This same versatility could be utilized to create a pay-per-use type of system in which the main channel 652 is accessible only after the user has paid for that access. This is easily accomplished because the appliances 620 can contain a user control component 238, 338, as described above, that is capable of interaction with the user. Thus, each appliance 620 can simply receive instructions through the hidden channel 654 to present the user with an option to pay for access to the main channel 652. The user interacts with the appliance 620, which transmits the user's response back to the gateway 622. The gateway 622 can then authorize the central authority 610 or remote source 640 to charge the user's credit card, and then can instruct the appliance 620 to allow the user to decrypt the main channel 652. Alternatively, the hidden channel 654 could provide an uninterrupted communications path from the appliance 620 through the gateway 622 to the remote source 640. The same payment authorization can be used to allow the user to access the content on the hidden channel 654 while providing free, unencrypted access to the main channel 652.
 One way of generalizing the above examples is that the hidden channel 654 is used to turn features of the appliance 620 on and off. For instance, the appliance 620 may have the ability to provide background information on a currently playing music video, or to provide access to encrypted content coming through the main channel 652. These features can be either pre-programmed into the appliance 620, or can be programmed using instructions buried in the hidden channel 654. Either way, these features are enabled or disabled by controlling the ability to access the hidden channel 654. Dumb appliances 530, or smart appliances operating in off mode 532, would not have the ability to use or control such features, since these appliances 530, 532 do not have access to the hidden channel 654.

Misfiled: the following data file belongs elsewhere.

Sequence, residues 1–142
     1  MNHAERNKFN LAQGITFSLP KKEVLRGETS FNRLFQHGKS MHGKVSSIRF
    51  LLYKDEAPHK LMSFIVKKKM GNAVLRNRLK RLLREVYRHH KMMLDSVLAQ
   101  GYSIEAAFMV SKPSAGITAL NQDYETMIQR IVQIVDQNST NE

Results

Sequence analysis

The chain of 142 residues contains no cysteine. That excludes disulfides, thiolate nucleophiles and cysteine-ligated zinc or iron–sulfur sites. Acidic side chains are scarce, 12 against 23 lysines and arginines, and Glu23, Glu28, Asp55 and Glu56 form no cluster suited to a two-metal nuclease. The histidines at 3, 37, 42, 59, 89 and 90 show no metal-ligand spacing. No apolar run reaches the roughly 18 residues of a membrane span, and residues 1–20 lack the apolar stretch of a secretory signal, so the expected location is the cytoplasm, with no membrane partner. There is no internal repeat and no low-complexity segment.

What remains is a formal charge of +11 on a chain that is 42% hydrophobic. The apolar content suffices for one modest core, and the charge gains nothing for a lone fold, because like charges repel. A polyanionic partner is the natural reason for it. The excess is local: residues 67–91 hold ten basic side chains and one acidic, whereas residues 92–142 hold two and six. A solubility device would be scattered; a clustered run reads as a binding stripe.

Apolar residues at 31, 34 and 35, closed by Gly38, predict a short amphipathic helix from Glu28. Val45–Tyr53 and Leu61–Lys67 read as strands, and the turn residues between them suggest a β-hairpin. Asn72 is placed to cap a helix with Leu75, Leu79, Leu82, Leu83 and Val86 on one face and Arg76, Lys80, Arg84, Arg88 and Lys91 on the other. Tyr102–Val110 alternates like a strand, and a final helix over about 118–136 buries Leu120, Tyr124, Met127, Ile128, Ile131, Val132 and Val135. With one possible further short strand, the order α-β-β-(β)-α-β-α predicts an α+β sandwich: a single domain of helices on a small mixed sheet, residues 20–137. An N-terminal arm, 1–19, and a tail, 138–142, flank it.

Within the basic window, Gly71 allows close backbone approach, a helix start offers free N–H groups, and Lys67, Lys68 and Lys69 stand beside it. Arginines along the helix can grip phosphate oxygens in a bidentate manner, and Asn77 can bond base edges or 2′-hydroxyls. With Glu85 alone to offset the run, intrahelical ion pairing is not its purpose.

The above environment 600 can also be used to allow the central authority 610 to otherwise monitor, meter, and control access to the bandwidth found in the hidden channel 654. The default condition of the appliances 620 could be the off condition, in which the combined data signal 650 is treated as if it is comprised only of the main data channel 652. The bandwidth of the hidden data channel 654 exists in this system, but can only be turned on through the central authority 610 or through other intelligence built into the gateways 622 or appliances 620. The bandwidth is then offered to third parties and home owners in exchange for a fee paid to the central authority 610 or other party with the ability to turn on access to the hidden channel 654. The bandwidth could be used for a variety of purposes, including the provision of appliance features set forth above.